Carbon and Sulfur Analysis by Combustion
Easily analyze your wide-range carbon and sulfur content with our CS844 for the determination of carbon and sulfur in primary steels, ores, finished metals, ceramics, and other inorganic materials using the combustion technique. State-of-the-art hardware and our exclusive Cornerstone® touch-screen software platform provide your laboratory with increased usability and a lower cost-per-analysis.
- Maximize laboratory productivity with automation
- 10- and 60-position shuttle loaders or integrated robotic process loaders available.
- High-efficiency autocleaner/vacuum system keeps maintenance to a minimum
- Automatic combustion tube service and exchange system
- Ergonomic, operator-centered design with a boom-mounted touch-screen interface
- Improved IR cell design provides dual-range detection and improved lifetime and stability
- High-efficiency furnace with low-maintenance design reduces the need for additional accelerant and cleaning
The 844 series is ideal for the following applications: primary steels, ores, finished metals, ceramics, alloys, and other inorganic materials.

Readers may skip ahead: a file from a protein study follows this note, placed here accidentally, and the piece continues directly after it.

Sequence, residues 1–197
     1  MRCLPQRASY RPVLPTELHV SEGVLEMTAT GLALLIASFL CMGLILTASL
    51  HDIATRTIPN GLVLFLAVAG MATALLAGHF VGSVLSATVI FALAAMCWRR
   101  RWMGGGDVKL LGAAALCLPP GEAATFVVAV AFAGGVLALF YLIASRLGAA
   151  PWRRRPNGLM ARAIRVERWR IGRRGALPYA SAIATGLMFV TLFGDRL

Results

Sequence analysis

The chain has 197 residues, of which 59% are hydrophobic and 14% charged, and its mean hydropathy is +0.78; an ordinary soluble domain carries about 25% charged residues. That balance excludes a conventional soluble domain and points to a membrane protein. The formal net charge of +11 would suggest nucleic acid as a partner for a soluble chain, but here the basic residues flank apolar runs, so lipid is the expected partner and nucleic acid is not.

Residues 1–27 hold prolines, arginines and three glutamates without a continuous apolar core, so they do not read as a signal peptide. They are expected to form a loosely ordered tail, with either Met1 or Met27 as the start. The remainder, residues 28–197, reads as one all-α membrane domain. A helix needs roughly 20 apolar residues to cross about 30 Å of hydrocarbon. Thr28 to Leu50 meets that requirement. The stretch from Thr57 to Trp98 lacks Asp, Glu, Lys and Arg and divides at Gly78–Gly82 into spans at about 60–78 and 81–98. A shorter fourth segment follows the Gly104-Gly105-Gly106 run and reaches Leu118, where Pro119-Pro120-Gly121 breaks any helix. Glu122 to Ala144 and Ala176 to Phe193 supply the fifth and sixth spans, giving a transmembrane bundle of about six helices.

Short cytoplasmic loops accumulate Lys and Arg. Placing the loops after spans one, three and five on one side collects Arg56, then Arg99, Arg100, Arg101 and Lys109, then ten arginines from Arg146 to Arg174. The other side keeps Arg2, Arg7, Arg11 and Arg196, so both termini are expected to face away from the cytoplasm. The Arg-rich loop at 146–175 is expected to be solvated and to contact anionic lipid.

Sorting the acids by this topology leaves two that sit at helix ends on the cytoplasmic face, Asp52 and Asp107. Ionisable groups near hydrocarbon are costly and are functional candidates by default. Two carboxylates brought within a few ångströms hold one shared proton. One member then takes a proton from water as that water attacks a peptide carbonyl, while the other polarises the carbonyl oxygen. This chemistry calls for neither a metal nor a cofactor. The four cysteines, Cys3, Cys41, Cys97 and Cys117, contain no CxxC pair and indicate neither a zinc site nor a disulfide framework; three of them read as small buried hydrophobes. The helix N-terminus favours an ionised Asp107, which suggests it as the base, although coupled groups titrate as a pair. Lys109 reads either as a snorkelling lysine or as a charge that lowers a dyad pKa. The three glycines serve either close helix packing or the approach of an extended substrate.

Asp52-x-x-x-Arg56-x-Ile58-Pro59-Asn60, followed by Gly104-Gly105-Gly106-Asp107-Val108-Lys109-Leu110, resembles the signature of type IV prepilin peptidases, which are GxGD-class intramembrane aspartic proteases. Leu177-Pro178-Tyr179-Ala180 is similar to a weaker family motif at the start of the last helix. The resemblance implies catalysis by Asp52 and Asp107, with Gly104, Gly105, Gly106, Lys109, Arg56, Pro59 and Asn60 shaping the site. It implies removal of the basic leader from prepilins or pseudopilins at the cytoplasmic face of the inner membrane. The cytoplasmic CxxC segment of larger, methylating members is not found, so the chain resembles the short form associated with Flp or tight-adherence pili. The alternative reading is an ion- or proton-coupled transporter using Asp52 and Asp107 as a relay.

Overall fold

The CS844 Carbon/Sulfur system is designed for wide-range measurement of carbon and sulfur content of metals, ores, ceramics, and other inorganic materials. The instrument features custom software designed specifically for touch operation.
A pre-weighed sample of approximately 1 gram is combusted in a stream of purified oxygen using RF induction to heat the sample. Carbon and sulfur present in the sample are oxidized to carbon dioxide (CO2) and sulfur dioxide (SO2), and swept by the oxygen carrier through a heated dust filter, a drying reagent, and then through two non-dispersive infrared (NDIR) cells, where sulfur is detected as SO2. The gas flow continues past a heated catalyst, where carbon monoxide (CO) is converted to CO2 and where SO2 is converted to sulfur trioxide (SO3), which is subsequently removed by a filter. Carbon is then detected as CO2 by a second pair of NDIR cells. A pressure controller is used to maintain constant pressure in the NDIR cells so as to reduce interference from natural variations in atmospheric pressure. The final component in the flow stream is an electronic flow sensor, which is used for diagnostic purposes to monitor the carrier flow.
Non-dispersive infrared cells are based on the principle that CO2 and SO2 absorb infrared (IR) energy at unique wavelengths within the IR spectrum. Incident IR energy at these wavelengths is absorbed as the gases pass through IR absorption cells. Since absorption is dependent upon the path length, short and long path-length IR cells are provided for measurement of high and low range signals. The software automatically selects which cell to use for optimum measurement. The concentration of unknown samples is determined relative to calibration standards. To reduce interferences from instrument drift, reference measurements of pure carrier gas are made prior to each analysis.